by Rachel Travers
We know…donuts are not on most Edible Boston readers’ must-have food list. However, if you’re at an apple farm where they press their own cider, you will probably find just-made, hot-out-of- the-oil apple cider donuts—and they are, without a doubt, one of the guilty pleasures of the season.
Soft. Cakey. Moist from the cider. Barely crisp on the exterior.
Lightly spiced like Indian summer and autumn. A tad greasy, but with great mouth feel. And very compelling.
An informal poll of foodies’ favorites took us out to Ipswich to Russell Orchards, a 120-acre farm along the same route you take to Crane’s Beach. Owned now byMiranda and Doug Russell, who took over the farm from his parents in 2008, it is a beautiful 18th century country barn that has been only slightly renovated. Inside are their cider presses,
an on-site bakery and a donut machine operation that actually runs May through November. To be able to produce the donuts all spring and summer they press all their cider in the fall, freeze it, then pull it out and thaw it as needed.
But in peak apple season, the donut popularity requires that the Russells and their staff politely corral their customers so the wait is orderly and the queue moves well. Fortunately, there is a window overlooking the production line so kids can watch and never get bored.
The all-time busiest donut day was one Sunday in October when they sold 12,800 cider donuts. But that was just one day. In a year, the Russells sell 200,000 cider donuts, 300,000 pounds of apples and 12,000 gallons of cider.
Their cider donut history began in the late ’70s, when Miranda’s inlaws, Meredith andMax Russell, bought the farm.That’s whenMeredith began experimenting with a donut recipe. After much trial and error, as well as thoughtful calculations, she finally created the recipe that is still used today. Don’t even think of asking for it.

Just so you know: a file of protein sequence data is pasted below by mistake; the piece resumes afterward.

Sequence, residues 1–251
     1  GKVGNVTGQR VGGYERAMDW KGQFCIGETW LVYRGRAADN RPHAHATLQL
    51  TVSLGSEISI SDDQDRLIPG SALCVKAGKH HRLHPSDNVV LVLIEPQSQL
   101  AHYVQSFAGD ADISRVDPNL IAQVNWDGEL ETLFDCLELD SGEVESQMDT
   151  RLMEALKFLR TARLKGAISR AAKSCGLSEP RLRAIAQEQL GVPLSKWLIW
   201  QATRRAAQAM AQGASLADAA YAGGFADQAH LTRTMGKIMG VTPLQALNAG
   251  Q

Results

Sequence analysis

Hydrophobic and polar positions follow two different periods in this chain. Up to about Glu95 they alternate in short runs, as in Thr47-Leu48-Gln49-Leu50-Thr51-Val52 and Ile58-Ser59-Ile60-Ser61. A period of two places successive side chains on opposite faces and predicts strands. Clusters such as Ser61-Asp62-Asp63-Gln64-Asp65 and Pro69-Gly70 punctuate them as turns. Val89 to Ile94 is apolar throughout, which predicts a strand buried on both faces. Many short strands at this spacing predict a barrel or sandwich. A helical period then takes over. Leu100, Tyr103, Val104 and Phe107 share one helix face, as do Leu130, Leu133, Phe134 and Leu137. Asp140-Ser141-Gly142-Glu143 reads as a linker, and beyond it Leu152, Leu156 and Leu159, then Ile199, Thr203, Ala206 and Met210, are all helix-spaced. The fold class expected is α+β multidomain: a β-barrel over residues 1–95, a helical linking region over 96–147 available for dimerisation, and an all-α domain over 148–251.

And if you don’t know it already, one donut is not enough. You will probably eat one (or two) immediately, then make sure there are enough for the car ride home (times the number of passengers you have). And though you will intellectually know that you should be snacking on one of their over 30 varieties of apples (which you should also buy as well as fresh unpasteurized cider), the Russells have ensured that your politically correct green self will feel no guilt.The oil they use to fry their donuts is not only changed weekly, but is then turned into bio-diesel fuel to power the Russell Orchards tractors.
Hence their motto: “Save the Planet: Eat Cider Donuts.”
Russell Orchards is a working 120-acre farm, of which 80 acres are used to grow no-spray vegetables, all kinds of berries and their fruit trees. It is a popular Pick Your Own spot, first for blueberries and raspberries, then in the fall for apples. The farm stand is open from May through November and is filled with an abundance of specialty products
made either by the Russell farm or other local producers. They also produce their own maple syrup and honey. And their cider donuts aren’t the only hot bakery item—they are known for their fresh-frozen apple pies (4,200 a year), which quickly disappear at holiday time.
Russell Orchards also has its own winery, producing over 20 varieties of fruit wines and hard cider (13,000 bottles a year) that are only available on-site.
143 Argilla Road
Rachel Travers is a freelance food, travel and lifestyle writer who contributes regularly to the Boston Globe and Edible Boston, as well as many other regional, national, and online venues. She can be reached at firstname.lastname@example.org.
The following recipe gives you carte blanche to bring home an extra dozen or two of the cakey wonders. So, with great thought given to the fact that little extra sugar is needed, the flavors are already built in andthere’s no need for an excess of butter or even the use of cream, which most bread puddings call for, we hope you enjoy this silky cider donut pudding.
APPLE CIDER DONUT BREAD PUDDING
Makes 8–10 servings.
14 apple cider donuts, broken apart and dried overnight
4 large eggs, lightly beaten
2 tablespoons unsalted butter, melted
½ cup white sugar
¼ cup dark brown sugar
3 cups whole milk
1 cup farm-fresh cider
1 teaspoon vanilla extract
1 teaspoon cinnamon
¼ teaspoon nutmeg, freshly grated
1 large Gala apple, cored, peeled and chopped
Preheat the oven to 350 degrees. Grease a 9- by 13- by 2-inch pan.
Put the day-old donut pieces into a large mixing bowl.
In a separate bowl, combine the eggs, butter, sugars, milk, cider, vanilla,
cinnamon and nutmeg. Pour this custard over the broken donut pieces,
and let sit for 15 to 20 minutes.
Peel, core and chop the apple and add it to the mixture.
Pour the mixture into the baking pan and bake for one hour, or until
it has totally set. Serve warm or room temperature, with a touch of
whipped cream or ice cream if you like.